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Abstract / Description of output
This study is part of the “Air Polluion Impacts on Cardiopulmonary disease in Beijing: an integrated study of Exposure Science, Toxicologenomics & Environmental Epidemiology (APIC-ESTEE)” project under the UK-China joint research programme “Atmospheric Pollution and Human Health in a Chinese Megacity (APHH-China)”. The aim is to capture the spatio-temporal variability in people’s exposure to fine particles (PM2.5) and black carbon (BC) air pollution in Beijing, China. A total of 120 students were recruited for a panel study from ten universities in Haidian District in northwestern Beijing from December 2017 to June 2018. Real-time personal concentrations of PM2.5 and BC were measured over a 24-h period with two research-grade portable personal exposure monitors. Personal microenvironments (ME) location was assigned by applying an algorithm to the handheld GPS unit data. On average, the participants spent the most time indoors (79% in Residence and 16% in Workplace), and much less time travelling by Walking, Cycling, Bus and Metro. Similar patterns were observed across participant gender and body-mass index classifications. The participants were exposed to 33.8 ± 27.8 μg m-3 PM2.5 and to 1.9 ± 1.2 μg m-3 BC over the 24-h monitoring period, on average 24.3 μg m-3 (42%) and 0.8 μg m-3 (28%) lower, respectively, than the concurrent fixed-site ambient measurements. Relative differences between personal and ambient BC concentrations showed greater variability across the MEs, highlighting significant contributions from Dining and travelling by Bus, which involve potential combustion of fuels. This study demonstrates the potential value of personal exposure monitoring in investigating air pollution related health effects, and in evaluating the effectiveness of pollution control and intervention measures.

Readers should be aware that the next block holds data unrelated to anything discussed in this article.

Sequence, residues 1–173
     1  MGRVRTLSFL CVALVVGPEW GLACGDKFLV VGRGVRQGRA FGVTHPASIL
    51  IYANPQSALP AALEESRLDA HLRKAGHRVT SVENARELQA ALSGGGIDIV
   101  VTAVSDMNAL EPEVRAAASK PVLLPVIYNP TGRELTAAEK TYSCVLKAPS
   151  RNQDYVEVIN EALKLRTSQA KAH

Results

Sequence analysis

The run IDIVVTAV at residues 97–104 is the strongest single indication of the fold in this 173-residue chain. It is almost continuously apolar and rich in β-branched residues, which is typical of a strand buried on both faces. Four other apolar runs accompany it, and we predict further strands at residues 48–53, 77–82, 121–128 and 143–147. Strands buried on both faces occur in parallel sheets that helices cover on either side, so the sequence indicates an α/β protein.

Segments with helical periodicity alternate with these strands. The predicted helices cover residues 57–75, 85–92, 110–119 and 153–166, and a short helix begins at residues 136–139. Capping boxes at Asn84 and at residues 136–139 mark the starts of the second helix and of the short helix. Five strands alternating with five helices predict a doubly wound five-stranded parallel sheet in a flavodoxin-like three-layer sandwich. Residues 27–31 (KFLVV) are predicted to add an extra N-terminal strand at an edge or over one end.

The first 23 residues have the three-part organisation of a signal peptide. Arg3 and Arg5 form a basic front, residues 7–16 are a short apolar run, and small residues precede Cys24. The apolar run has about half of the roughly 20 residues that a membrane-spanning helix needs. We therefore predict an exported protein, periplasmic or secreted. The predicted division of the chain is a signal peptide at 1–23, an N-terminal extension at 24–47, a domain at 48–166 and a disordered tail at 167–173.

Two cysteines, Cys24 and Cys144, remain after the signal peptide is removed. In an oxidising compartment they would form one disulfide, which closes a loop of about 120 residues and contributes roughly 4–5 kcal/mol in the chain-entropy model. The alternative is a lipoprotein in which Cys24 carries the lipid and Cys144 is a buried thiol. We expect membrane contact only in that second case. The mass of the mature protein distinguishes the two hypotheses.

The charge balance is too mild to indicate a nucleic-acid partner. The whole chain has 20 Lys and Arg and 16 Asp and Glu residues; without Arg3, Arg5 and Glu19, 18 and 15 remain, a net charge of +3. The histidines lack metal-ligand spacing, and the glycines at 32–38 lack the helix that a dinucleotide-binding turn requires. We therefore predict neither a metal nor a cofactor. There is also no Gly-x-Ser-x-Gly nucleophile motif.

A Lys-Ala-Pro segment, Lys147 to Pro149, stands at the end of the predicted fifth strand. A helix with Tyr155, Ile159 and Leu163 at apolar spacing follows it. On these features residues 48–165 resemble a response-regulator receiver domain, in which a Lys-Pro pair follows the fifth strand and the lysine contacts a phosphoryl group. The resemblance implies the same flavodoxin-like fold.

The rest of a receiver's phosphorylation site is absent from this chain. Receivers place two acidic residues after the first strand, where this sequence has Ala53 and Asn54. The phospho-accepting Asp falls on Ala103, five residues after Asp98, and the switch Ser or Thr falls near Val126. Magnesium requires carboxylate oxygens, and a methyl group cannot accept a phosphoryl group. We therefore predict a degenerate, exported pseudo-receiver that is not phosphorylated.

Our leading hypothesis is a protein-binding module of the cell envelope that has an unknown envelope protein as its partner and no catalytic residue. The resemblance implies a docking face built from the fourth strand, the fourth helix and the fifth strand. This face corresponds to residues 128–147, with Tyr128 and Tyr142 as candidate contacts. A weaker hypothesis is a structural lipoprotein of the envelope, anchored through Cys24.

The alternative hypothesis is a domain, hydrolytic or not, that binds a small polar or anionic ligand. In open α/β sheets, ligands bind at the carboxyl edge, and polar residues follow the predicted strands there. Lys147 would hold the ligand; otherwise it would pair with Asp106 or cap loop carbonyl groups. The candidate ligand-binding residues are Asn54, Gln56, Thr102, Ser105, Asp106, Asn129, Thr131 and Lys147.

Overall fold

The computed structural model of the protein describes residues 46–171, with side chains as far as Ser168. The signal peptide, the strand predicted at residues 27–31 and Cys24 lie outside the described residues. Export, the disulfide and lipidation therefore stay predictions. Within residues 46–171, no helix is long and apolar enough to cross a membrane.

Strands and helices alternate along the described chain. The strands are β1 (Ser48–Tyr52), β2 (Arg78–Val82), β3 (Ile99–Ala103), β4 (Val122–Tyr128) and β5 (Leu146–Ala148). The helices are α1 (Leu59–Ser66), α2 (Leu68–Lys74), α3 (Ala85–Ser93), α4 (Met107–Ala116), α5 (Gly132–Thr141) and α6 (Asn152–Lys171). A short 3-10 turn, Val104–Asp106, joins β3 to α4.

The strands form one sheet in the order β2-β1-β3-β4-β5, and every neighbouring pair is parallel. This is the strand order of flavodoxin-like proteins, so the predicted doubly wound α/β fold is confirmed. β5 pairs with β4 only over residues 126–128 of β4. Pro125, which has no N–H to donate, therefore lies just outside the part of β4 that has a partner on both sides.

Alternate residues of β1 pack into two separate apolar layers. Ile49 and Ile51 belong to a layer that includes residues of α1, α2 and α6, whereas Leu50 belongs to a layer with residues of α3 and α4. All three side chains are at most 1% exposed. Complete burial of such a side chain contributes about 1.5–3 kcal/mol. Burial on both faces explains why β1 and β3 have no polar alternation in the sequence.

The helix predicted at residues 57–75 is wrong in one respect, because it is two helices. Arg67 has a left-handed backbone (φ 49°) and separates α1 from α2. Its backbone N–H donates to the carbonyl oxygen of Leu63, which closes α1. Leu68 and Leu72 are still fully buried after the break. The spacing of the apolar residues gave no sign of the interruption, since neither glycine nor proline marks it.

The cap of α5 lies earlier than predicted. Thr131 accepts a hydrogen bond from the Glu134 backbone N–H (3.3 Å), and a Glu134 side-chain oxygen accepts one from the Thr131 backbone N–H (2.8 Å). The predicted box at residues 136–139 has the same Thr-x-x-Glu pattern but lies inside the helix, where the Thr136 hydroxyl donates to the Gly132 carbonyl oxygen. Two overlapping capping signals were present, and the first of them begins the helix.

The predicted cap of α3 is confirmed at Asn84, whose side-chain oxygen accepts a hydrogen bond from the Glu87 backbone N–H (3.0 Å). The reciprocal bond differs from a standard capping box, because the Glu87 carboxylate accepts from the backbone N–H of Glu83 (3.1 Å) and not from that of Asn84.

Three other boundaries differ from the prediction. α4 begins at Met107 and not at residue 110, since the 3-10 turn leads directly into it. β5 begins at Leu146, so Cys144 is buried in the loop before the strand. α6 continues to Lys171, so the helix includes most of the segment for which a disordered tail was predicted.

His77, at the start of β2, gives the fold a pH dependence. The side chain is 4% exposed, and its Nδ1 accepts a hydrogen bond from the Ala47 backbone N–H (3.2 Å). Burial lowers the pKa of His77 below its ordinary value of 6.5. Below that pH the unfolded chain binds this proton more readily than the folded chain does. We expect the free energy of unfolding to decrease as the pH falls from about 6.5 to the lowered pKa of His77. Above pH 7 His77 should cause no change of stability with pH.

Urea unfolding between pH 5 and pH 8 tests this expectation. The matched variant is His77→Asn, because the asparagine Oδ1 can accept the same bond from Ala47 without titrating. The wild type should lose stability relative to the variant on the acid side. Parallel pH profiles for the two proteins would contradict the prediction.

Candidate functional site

Keywords / Materials (for Non-textual outputs)
- Black carbon
- personal exposure
- Air pollution
- Air pollution monitoring